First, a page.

Summary: Getting the lowest interest rate possible on your mortgage is key to making it more affordable and paying much less in interest over the life of your loan. Luckily, there are some strategies that you can employ in Washington to snag a lower rate: cash-out refinances and equity loans. This article will go into more detail about these strategies.
Traditionally, the home equity loan has been one of the primary strategies for Washington homeowners wanting to convert some of their equity into cash. But with the recent changes to the tax code, more and more homeowners in Washington State might start looking at the cash-out refinance loan as an alternative.
Some Home-Equity Loans No Longer Deductible
Back in December, President Trump signed into law the Tax Cuts and Jobs Act (TCJA), which brought several changes to the U.S. tax code. Among other things, it strips some homeowners of their ability to deduct interest paid on home equity loans.
In the past, homeowners in Washington and nationwide were allowed to write off some of the interest paid on their home equity loans, in the form of a tax deduction. But with the passage of the new tax bill, that deduction went away for most homeowners.
According to some sources, however, an equity-based loan that is used to substantially improve a home might still be deductible — or at least partially so.
Kevin McCormally, a reporter who specializes in taxes, recently wrote the following for Kiplinger.com:
“As in the past, home-equity loan proceeds used to substantially improve a home are considered acquisition indebtedness, so the debt falls under the rules that permit interest on up to $750,000 of such debt to be deducted.”
Writing for MarketWatch, real estate columnist Kenneth Harney interprets it the same way:
“A close reading of the final language … reveals that interest-deductible HELOCs and second mortgages should still be available to homeowners provided they qualify on two criteria: they use the proceeds of the loan to make ‘substantial improvements’ to their home, and the combined total of their first mortgage balance and their HELOC or second mortgage does not exceed the new $750,000 limit…”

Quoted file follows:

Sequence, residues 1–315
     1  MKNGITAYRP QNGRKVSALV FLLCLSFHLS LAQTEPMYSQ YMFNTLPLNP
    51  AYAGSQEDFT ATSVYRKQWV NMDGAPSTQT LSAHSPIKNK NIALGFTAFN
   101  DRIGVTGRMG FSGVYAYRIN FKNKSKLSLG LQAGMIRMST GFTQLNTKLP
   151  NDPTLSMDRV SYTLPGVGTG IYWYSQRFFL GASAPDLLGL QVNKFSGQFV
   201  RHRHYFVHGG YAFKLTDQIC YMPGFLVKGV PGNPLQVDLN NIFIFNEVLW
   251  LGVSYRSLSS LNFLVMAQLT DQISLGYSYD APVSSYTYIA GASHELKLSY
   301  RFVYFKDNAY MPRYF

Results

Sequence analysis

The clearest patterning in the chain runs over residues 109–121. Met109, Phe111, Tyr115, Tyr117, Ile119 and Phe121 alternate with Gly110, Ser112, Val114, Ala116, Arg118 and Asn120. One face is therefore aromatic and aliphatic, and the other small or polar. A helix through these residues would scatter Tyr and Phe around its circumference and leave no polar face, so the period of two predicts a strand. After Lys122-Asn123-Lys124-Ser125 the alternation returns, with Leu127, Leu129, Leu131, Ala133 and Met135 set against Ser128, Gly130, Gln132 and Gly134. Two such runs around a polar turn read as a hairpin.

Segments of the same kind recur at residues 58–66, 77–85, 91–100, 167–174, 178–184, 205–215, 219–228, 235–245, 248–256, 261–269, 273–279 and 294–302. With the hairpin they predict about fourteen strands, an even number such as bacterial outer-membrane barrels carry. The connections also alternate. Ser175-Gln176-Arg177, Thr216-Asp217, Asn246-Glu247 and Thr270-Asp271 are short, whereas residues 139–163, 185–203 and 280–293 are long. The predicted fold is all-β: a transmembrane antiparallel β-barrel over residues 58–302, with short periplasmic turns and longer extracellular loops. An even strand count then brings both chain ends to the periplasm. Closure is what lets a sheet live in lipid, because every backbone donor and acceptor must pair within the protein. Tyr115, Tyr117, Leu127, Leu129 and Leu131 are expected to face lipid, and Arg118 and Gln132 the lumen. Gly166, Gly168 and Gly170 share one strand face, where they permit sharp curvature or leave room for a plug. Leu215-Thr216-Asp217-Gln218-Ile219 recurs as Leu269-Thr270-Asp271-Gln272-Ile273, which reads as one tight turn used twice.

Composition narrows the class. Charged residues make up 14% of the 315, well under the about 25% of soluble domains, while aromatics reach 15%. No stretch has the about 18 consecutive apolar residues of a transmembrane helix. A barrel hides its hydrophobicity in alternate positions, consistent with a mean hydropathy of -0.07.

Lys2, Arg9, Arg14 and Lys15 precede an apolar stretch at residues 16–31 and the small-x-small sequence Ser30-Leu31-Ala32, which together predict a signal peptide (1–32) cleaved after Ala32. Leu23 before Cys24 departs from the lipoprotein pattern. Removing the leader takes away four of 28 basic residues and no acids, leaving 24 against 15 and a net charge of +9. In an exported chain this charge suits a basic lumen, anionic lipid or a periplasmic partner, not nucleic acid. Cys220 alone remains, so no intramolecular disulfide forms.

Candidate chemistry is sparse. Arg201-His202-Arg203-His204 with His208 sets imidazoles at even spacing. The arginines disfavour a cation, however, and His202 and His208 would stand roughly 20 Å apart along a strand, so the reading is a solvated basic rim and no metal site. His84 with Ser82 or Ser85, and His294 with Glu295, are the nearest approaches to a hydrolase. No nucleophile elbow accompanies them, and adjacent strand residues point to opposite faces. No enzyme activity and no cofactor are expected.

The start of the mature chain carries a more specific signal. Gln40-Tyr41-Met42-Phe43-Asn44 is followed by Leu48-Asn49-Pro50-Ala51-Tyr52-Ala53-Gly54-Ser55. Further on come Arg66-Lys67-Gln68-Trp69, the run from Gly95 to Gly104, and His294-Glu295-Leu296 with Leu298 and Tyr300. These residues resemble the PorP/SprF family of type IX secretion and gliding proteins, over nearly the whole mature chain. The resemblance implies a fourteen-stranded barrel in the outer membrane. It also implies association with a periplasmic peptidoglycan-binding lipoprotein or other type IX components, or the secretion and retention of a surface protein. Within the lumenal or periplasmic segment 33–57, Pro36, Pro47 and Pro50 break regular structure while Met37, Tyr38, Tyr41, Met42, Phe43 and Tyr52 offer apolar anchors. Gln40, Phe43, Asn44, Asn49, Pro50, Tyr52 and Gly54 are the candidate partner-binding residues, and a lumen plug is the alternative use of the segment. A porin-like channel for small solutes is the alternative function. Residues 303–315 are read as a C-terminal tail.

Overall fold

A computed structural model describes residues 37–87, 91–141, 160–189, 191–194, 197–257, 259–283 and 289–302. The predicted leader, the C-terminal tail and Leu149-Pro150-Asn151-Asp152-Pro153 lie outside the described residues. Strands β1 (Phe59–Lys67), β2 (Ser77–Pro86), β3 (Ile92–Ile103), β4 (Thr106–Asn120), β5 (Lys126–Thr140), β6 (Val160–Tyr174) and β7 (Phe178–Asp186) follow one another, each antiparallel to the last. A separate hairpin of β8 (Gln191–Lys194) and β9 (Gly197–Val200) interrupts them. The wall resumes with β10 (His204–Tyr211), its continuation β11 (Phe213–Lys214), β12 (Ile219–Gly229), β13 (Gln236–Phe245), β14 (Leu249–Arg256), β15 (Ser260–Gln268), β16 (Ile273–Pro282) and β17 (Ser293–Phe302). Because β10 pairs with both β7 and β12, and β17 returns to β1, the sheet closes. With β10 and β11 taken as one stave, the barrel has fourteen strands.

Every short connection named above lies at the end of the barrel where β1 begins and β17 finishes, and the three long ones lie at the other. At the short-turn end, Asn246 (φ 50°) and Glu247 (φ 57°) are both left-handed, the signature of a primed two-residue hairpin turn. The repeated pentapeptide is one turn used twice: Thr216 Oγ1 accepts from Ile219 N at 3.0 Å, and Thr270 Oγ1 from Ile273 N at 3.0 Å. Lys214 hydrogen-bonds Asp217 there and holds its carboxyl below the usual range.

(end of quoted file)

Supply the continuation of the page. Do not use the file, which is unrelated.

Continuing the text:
But for most other scenarios, tax deductions for the interest paid on home equity loans in Washington have become a thing of the past. For now, anyway.
Cash-Out Refinance: An Alternate Strategy?
Which brings us to the cash-out refinance loan. Given the recent changes to the tax code, more and more homeowners in Washington State might begin to consider cash-out refinancing as a way to turn equity into cash. Here’s what you should know about it.
Definition: A cash-out refinance loan occurs when homeowners refinance their existing mortgage loans for a larger amount than what they currently owe, receiving the difference in cash. As with a home equity loan, a cash-out refinance gives the homeowner a way to convert some of the built-up equity into cash. The money received can be used for many purposes, including college tuition and home improvement.
The tax deduction for interest paid on a primary mortgage loan still exists, up to a general limit of $750,000. So a homeowner in Washington who uses a cash-out refinance should, in theory, still be able to deduct the interest on the new loan up to the current limit of $750,000. (With a cash-out refinance, you are essentially replacing your current mortgage loan with a new one.)
Despite these changes brought on by the TCJA, home equity loans can still be an effective financing tool for some Washington homeowners. Compared to other strategies, it’s still one of the cheaper ways to borrow money. On average, the interest rates assigned to equity-based loans are generally lower than those applied to credit cards and some other forms of financing. The new law just means that the interest paid on some home equity loans in Washington State will no longer be deductible.
Disclaimers: We are mortgage professionals, but not tax policy experts. If you have questions about what is or isn’t deductible in your particular situation, you’ll want to refer them to your CPA or financial advisor.
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